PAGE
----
If you decide to enroll in original Medicare, one way you can help pay the extra costs the program doesn’t cover is to buy a supplemental — or Medigap — insurance policy.
Private insurers sell Medigap policies, but states and the federal government strictly regulate them. These plans are available for people enrolled in Medicare parts A and B, not for those who elect a Medicare Advantage plan. Medigap plans pay for costs such as deductibles and copays and other charges that Medicare doesn’t cover.
In 2010 the federal government standardized the types of Medigap plans, creating 10 options designated by A, B, C, D, F, G, K, L, M and N. In January 2020 two of the more comprehensive and popular plans, C and F, ceased to be available to people newly eligible for the program. That’s because in 2015, Congress decided to prohibit Medigap from covering the annual deductible for Part B, which pays for doctor visits and other outpatient services.
Of the 10 Medigap plans, C and F currently pay that deductible, which is $233 for 2022. The difference between plans C and F is that C does not cover the 15 percent in excess charges that doctors who don’t participate in Medicare are allowed to charge their patients; Plan F does.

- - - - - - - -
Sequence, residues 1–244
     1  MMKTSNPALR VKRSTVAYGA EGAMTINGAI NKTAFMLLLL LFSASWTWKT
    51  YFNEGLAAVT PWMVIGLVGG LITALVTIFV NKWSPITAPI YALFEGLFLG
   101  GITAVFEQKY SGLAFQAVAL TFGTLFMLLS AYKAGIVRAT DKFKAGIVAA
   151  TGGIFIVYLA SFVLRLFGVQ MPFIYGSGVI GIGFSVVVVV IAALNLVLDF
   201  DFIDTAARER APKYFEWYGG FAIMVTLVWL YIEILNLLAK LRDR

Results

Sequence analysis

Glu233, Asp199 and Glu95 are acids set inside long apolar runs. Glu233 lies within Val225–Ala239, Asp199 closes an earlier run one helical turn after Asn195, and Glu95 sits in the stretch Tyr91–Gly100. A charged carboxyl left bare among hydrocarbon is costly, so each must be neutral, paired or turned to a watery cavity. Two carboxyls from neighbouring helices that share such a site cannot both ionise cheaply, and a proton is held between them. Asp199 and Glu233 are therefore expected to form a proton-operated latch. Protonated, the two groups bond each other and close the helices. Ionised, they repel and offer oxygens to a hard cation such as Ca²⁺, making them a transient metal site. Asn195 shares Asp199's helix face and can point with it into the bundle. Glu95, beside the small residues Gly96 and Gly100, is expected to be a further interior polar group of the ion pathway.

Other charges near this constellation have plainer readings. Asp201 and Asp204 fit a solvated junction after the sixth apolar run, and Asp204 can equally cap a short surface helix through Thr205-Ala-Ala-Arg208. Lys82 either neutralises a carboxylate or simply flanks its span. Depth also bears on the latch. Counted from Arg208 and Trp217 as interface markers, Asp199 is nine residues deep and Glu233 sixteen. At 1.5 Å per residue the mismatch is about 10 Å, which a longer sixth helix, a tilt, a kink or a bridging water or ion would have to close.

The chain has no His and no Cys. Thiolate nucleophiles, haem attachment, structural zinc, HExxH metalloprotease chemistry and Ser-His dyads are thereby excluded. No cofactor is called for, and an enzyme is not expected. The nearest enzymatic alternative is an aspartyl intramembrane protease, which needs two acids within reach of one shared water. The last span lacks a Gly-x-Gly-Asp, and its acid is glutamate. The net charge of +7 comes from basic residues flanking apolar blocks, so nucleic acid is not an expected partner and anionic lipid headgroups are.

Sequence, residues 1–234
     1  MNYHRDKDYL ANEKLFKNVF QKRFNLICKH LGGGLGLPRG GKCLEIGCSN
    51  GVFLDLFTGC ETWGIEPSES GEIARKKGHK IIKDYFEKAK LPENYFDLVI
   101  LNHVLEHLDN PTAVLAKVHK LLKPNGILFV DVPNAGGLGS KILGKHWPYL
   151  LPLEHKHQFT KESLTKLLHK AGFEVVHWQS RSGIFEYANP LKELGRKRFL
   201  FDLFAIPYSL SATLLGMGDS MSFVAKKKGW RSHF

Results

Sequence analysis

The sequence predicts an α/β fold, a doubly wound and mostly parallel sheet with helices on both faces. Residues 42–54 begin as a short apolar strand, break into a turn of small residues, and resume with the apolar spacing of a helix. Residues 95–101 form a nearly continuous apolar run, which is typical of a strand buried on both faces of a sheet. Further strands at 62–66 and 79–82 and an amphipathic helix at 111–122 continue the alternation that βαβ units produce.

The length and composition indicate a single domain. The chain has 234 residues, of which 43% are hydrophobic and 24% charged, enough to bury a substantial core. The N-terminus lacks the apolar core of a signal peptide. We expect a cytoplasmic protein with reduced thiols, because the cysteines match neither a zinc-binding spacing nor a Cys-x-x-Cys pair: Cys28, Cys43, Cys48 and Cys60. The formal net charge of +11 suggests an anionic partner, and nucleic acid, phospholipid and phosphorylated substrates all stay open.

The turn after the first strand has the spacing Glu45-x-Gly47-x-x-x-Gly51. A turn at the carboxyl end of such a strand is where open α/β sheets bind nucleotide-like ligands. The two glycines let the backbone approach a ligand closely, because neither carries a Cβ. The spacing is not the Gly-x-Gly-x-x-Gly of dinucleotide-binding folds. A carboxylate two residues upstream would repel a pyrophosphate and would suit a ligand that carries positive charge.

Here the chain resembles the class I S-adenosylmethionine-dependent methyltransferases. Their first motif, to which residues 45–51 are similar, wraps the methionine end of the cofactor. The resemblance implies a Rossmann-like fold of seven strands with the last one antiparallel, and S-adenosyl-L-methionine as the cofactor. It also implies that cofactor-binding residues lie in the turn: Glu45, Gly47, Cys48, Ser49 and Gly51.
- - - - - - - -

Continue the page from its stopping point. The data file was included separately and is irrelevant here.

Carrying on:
Plan G is the closest in design to Plan F. It covers everything F does except the Part B deductible. And Plan D is the closest to Plan C. It covers everything C does except the Part B deductible and the excess charges that nonparticipating doctors are allowed to charge their Medicare patients.
It’s been widely reported that Plan F is “going away,” says Casey Schwarz, senior counsel for education and federal policy at the Medicare Rights Center. “That shorthand has caused a lot of panic. I think it’s really important to highlight that for people who have been enrolled in Plan C and Plan F, there is absolutely nothing changing."
But if you turned 65 after January 2020 or became disabled after the first of the year and want to buy a Medigap plan, you will not be able to enroll in either C or F. Current Medicare enrollees and anyone eligible for Medicare before Jan. 1, 2020, still have those plans to choose from.
If you think a Medigap policy might be right for you, here is some basic information you’ll need to know to make your decision.
And it’s a big one. When you first enroll in Medicare (during your seven-month initial enrollment period (IEP), insurers offering Medigap policies cannot deny you coverage or charge you more for any preexisting condition. After that, anything goes.
For example, if you don’t buy a Medigap policy during your IEP but decide a year later that you want one, insurers may be able to turn you down based on your health, or set prices higher because of a preexisting condition. How that works differs widely from state to state.